Arsenic tribromide

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Arsenic tribromide
Ball and stick model of arsenic tribromide
Identifiers
CAS number 7784-33-0 YesY
PubChem 24569 YesY
ChemSpider 22973 YesY
EC number 232-057-4
RTECS number CG1375000
Jmol-3D images Image 1
Properties
Molecular formula AsBr3
Molar mass 314.634 g/mol
Appearance white to pale yellow crystalline solid
Density 3.54 g/cm3
Melting point 31.1 °C
Boiling point 221 °C
Solubility in water decomposes
Refractive index (nD) 2.3
Related compounds
Related compounds Phosphorus tribromide
arsenic trichloride
Except where noted otherwise, data are given for materials in their standard state (at 25 °C (77 °F), 100 kPa)
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Infobox references

Arsenic tribromide is the inorganic compound with the formula AsBr3. This pyramidal molecule is the only known binary arsenic bromide. AsBr3 is noteworthy for its very high refractive index of approximately 2.3. It also has a very high diamagnetic susceptibility.[1] The compound exists as colourless deliquescent crystals that fume in moist air.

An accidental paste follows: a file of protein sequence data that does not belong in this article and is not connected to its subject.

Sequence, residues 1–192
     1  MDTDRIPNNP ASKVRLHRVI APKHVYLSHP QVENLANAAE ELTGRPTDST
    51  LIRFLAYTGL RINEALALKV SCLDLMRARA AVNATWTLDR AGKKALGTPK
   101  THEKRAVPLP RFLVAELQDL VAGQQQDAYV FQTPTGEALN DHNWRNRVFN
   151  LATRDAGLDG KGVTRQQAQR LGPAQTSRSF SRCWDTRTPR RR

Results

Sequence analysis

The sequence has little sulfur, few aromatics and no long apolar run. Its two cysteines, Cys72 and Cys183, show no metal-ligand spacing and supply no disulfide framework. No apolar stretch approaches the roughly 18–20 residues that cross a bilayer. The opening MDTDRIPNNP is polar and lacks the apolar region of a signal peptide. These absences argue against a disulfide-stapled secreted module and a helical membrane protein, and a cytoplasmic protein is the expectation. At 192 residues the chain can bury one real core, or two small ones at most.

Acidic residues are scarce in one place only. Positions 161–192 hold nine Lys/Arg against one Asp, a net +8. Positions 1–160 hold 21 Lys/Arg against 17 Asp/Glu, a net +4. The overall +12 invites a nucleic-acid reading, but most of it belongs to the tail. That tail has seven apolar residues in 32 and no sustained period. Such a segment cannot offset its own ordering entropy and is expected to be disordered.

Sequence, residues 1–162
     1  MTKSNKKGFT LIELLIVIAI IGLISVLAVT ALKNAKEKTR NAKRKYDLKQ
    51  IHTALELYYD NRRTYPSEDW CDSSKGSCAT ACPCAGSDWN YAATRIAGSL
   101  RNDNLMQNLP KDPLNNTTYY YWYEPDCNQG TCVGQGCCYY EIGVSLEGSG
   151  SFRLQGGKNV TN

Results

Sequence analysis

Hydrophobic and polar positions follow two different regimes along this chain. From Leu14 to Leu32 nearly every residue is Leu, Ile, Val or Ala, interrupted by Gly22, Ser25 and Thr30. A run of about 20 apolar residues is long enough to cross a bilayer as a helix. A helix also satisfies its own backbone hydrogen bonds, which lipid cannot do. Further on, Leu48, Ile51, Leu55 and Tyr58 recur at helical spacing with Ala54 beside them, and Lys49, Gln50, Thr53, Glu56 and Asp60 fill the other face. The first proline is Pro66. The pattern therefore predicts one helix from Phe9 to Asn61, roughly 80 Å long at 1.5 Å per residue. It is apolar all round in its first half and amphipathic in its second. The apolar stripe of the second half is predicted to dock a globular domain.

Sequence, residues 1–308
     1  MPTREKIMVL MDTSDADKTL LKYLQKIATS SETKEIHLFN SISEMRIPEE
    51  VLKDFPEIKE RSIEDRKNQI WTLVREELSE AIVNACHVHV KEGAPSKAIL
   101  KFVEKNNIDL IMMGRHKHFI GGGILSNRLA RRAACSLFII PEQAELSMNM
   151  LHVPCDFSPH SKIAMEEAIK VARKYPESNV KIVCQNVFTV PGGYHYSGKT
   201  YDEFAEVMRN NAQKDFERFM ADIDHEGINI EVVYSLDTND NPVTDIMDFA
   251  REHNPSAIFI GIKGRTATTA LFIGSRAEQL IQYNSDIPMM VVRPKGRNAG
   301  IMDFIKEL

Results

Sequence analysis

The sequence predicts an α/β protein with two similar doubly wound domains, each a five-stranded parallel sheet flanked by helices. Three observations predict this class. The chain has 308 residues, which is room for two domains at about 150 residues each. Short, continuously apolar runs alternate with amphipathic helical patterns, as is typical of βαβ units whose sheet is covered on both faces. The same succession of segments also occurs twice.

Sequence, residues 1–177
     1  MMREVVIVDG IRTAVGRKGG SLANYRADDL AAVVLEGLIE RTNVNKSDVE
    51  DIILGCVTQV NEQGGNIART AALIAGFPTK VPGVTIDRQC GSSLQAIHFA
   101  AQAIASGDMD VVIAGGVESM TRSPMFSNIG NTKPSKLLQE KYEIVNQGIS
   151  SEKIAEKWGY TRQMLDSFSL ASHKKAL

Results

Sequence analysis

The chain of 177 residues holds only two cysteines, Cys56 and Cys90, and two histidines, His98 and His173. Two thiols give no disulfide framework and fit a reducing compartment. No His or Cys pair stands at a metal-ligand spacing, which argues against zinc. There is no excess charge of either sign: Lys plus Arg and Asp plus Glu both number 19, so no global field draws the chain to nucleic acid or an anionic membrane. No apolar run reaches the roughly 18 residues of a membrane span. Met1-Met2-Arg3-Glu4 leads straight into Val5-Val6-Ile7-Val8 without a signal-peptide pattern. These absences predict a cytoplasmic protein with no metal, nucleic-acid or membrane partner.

Preparation[edit]

Arsenic tribromide can be prepared by the direct bromination of arsenic powder. Alternatively arsenic(III) oxide can be used as the precursor in the presence of elemental sulfur:[2]

2 As2O3 + 3 S + 6 Br2 → 4 AsBr3 + 3 SO2

Bromides of arsenic[edit]

AsBr5 is not known, although the corresponding phosphorus compound PBr5 is well characterized. AsBr3 is the parent for a series of hypervalent anionic bromoarsenates including [As2Br8]2−, [As2Br9]3−, and [As3Br12]3−.[3]

Organoarsenic bromides, (CH3)2AsBr and (CH3)AsBr2 are formed efficiently by the copper-catalyzed reaction of methyl bromide with hot arsenic metal. This synthesis is similar to the direct process used for the synthesis of methyl chlorosilanes.

Safety[edit]

Arsenic tribromide is toxic, as are all arsenic compounds.

References[edit]

  1. ^ CRC handbook of Chemistry and Physics, CRC Press
  2. ^ "Arsenic Tribromide" in Handbook of Preparative Inorganic Chemistry, 2nd Ed. Edited by G. Brauer, Academic Press, 1963, NY. Vol. 1. p. 597.
  3. ^ Holleman, A. F.; Wiberg, E. "Inorganic Chemistry" Academic Press: San Diego, 2001. ISBN 0-12-352651-5.